Published on Wednesday, 30 November -0001 00:00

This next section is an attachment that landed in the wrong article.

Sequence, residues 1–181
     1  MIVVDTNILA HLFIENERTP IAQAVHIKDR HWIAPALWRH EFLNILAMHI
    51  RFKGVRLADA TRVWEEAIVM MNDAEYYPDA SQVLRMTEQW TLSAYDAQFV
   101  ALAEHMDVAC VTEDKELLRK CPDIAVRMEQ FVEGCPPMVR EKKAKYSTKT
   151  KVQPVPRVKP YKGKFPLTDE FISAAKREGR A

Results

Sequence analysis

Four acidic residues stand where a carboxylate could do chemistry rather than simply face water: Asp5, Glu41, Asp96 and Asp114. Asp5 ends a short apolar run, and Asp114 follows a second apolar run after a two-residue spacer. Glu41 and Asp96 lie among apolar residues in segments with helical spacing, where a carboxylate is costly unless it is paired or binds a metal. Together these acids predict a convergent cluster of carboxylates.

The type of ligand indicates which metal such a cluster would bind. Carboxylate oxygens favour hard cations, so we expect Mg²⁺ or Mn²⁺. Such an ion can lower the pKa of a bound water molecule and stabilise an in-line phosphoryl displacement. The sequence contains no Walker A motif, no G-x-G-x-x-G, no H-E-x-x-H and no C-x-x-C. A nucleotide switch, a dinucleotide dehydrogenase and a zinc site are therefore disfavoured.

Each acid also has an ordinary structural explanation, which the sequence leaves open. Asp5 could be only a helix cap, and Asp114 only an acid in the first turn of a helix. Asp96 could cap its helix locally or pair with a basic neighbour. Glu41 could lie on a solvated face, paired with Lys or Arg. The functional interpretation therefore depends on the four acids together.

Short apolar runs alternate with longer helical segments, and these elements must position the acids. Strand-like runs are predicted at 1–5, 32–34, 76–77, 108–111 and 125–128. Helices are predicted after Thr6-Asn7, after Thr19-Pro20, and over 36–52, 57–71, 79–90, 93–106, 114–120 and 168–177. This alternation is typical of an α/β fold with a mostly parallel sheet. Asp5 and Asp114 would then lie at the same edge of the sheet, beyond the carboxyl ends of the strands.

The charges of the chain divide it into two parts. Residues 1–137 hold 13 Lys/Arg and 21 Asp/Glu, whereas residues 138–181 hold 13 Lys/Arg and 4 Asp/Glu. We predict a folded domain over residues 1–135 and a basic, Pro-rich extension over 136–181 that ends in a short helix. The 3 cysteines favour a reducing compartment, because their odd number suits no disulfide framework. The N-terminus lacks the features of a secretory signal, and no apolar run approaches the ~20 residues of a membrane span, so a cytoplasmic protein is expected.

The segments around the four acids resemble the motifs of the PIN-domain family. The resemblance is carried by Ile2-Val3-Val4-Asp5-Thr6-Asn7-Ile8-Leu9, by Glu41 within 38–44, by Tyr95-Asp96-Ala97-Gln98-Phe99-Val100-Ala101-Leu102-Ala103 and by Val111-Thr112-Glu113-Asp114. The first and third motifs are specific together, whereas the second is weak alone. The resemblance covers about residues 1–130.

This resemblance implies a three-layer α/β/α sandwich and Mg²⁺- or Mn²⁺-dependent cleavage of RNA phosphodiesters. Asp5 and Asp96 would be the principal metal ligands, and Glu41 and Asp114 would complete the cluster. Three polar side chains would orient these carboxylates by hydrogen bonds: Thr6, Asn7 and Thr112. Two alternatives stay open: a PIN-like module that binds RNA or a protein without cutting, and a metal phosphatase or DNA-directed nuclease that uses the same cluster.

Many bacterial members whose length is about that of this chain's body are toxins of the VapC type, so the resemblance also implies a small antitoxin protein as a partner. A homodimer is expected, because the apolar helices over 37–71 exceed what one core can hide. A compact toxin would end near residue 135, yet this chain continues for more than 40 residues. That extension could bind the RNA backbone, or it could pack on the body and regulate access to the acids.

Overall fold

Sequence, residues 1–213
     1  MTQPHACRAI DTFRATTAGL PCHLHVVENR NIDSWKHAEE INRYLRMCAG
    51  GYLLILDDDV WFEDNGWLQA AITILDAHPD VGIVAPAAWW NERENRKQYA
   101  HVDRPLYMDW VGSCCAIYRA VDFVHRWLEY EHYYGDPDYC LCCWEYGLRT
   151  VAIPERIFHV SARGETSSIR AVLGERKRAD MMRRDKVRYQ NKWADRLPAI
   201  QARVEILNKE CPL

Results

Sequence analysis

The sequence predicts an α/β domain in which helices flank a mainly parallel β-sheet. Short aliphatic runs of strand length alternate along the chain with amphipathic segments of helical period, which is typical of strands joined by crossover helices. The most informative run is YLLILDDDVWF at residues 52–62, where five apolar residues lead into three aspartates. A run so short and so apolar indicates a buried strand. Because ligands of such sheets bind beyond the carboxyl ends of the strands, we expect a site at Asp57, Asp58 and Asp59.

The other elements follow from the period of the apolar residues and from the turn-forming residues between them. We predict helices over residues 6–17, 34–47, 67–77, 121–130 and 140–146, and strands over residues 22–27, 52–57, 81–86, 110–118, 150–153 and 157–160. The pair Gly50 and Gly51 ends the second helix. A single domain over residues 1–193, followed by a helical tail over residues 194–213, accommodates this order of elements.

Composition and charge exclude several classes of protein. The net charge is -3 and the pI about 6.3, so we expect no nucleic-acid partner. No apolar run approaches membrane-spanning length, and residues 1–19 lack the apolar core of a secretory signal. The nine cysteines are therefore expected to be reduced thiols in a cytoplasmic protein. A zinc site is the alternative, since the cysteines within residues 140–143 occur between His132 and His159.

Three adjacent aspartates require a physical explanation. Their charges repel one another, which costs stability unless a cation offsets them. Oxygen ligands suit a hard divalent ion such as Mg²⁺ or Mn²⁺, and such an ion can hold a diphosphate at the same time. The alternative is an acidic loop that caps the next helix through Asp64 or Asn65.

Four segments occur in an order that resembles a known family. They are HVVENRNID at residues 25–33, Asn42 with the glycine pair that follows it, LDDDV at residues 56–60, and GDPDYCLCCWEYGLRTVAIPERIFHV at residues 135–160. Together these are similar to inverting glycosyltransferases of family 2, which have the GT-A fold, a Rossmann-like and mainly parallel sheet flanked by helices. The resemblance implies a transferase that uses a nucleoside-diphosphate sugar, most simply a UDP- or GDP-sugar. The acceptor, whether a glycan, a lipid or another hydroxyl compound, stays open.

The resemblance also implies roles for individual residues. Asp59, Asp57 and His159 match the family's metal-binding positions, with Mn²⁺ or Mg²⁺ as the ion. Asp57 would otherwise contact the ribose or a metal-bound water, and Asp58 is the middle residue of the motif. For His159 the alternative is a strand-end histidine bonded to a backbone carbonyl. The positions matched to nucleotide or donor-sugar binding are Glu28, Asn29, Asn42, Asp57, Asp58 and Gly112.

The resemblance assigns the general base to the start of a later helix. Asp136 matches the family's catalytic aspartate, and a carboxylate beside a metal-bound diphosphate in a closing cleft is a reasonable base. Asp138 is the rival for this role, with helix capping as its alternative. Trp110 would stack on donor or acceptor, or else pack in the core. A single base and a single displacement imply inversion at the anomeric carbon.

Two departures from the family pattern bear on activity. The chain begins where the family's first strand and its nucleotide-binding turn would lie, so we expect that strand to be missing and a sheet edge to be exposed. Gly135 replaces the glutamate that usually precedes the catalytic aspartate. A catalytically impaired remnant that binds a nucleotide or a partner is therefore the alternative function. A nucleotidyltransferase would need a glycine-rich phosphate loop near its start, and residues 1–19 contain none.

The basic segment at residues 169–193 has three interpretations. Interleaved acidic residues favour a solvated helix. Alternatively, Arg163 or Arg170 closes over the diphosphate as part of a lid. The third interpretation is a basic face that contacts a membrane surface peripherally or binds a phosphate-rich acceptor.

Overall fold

My usual route home from work leads through a dip where railway tracks pass over road traffic. Recently, as I headed into the dip, a mammoth black steam engine and its almost-as-large black coal car roared over me. Behind the coal car were a series of antique rail cars. My first thought was that I must have missed the notice of a Sesquicentennial train. When I arrived home I logged on to the Internet. There is no Sesqui-train. Early in the sesqui-planning, a train was proposed. After all, the Centennial Train was among the most popular initiatives in Minnesota's 1958 celebration, with an estimated half-million Minnesotans expected to visit its exhibits. It traveled the state for 135 days after its high profile welcome to Winona in mid-April by then-Governor Orville Freeman. Designed by the John Young, director of creative services at Minneapolis-Honeywell Regulator Company at a total cost was over a million dollars; it was the most expensive project of the Centennial. Perhaps it was right next to the checkbook that, in 2008, the idea for a similar train derailed. I never did identify the antique engine I saw; perhaps it was just a phantom. So, put on your 1958 glasses for another glimpse of the Centennial Train. Minnesota's 100th birthday came at a time of great optimism throughout the state and nation. We were just three years from the first human spaceflight by the Russian Yuri Gagarin in April and the American Alan Shephard in May. With Buck Rogers we were dreaming of conquering the universe. When we looked back, we also saw progress. No one had yet seriously challenged our thinking of the whys and hows of Western domination of the opening frontier while driving Native Americans from their traditional way of life so that pioneers could cut the timber and plow the prairie. Every day our sense of progress was reinforced as thousands of inventions were quickly transforming daily living. This was, for instance the year Kimball shut down its operator driven phone system and made the jump to dial phones. The new freezers on the market encouraged folks to buy during low priced sales, stocking up for savings and convenience. Electricity, NSP reminded us, was "penny cheap." The Centennial Train celebrated all that excitement and optimism. There were six exhibit cars, covering history, resources, agriculture, industry, social progress and welfare, and the future. Three additional cars were for the crew. Minnesota's eleven railways pooled their rights of way to allow movement of the rolling exhibit, carrying "the North Star State's Centennial story through the state." On June 19, the Tri-County News carried a story of the Centennial Train with stops at Buffalo and St. Cloud. The article describes a visit to the train that would include all of one's senses, including the "odor of fresh-cut alfalfa" in the agriculture car. The industry car emphasized the three Ps - "people, processes and products." The history car had flags from each of the nations that had once flown over Minnesota along with both 'competing' versions of the Minnesota constitution. "Stepping into the final Car of the Future will be an experience akin to a trip to outer space ... The floor in this car is raised to create an illusion of 'looking down at the world through clouds.' In view will be an enclosed stadium, a city of tomorrow including moving side-walks and freeway systems ... a cut away of an underground atomic power plant, and rocket airports and space stations." I guess I haven't visited a rocket airport or space station yet, but clearly the envisioned future is pretty much here. Flash Gordon is no longer just a comic. Disappointingly, there is no Sesqui-Train. But surprising and educational exhibits are on display. Most impressive is MN-150, celebrating 150 significant people, accomplishments, and resources of our state and its history. While there will not be a rolling exhibit traveling to each community, you can roll to them. Don't let the opportunity pass by to see our states' history this summer or fall. Visit the Minnesota History Center in St. Paul. Plan to spend the whole day; you won't want to see closing time arrive. ********** Looking back: The Kimball Area Historical Society, founded in 2000, truly appreciates your friendship and support - for renewing your support through membership, attending our special events and your continued generous donations for the preservation of Kimball's City Hall, we thank you. See the magnificent huge new windows on south and north sides of the building. Phase three finishes up in 2008 with east and west brick and window restoration, attic insulation, electric replaced, rain gutter, new front signage, for the 100th birthday of this National Historic Landmark in the heart of Kimball. ********** Join the celebration: Just a couple weeks and Kimball Days will be in full swing. Hope it's on your calendar. Aug. 8 - Supper in the Park happens and exhibit at city hall; Aug. 9 - history exhibit and birthday party at city hall with handouts, prizes, sourvenirs and tours. "Come for a visit ... stay for a journey." ********** Restoration moves indoors: Leave your mark on city hall, make your gift or pledge now for phase four, as your donation is doubled by matching state grants, is tax deductible, and begins focusing on the interior. But, we need your help, if the project is to continue. More important than just a visual facelift, Kimball's only structure listed on the National Register of Historic Places, will add to the energy-saving windows, another dimension of cost cuts in half by heat system efficiency. "Structurally sound candidate for restoration" says state historical architect. Your name will be on the next donor placques installed in the city hall. You, too can become part of Kimball's heritage! ********** Watch for September and October events: "Forest City Stockade" and Dean Urdahl's "Uprising" in 1862. ********** For more information on the above, membership, city hall tax deductible donations, items for this column and our collection of photos or stories, contact The Kimball Historical society, Box 100, Kimball, Minn. 55353; (320) 398-5743, (320) 398-5250 or toll-free (800) 252-2521. ********** "Building on our heritage."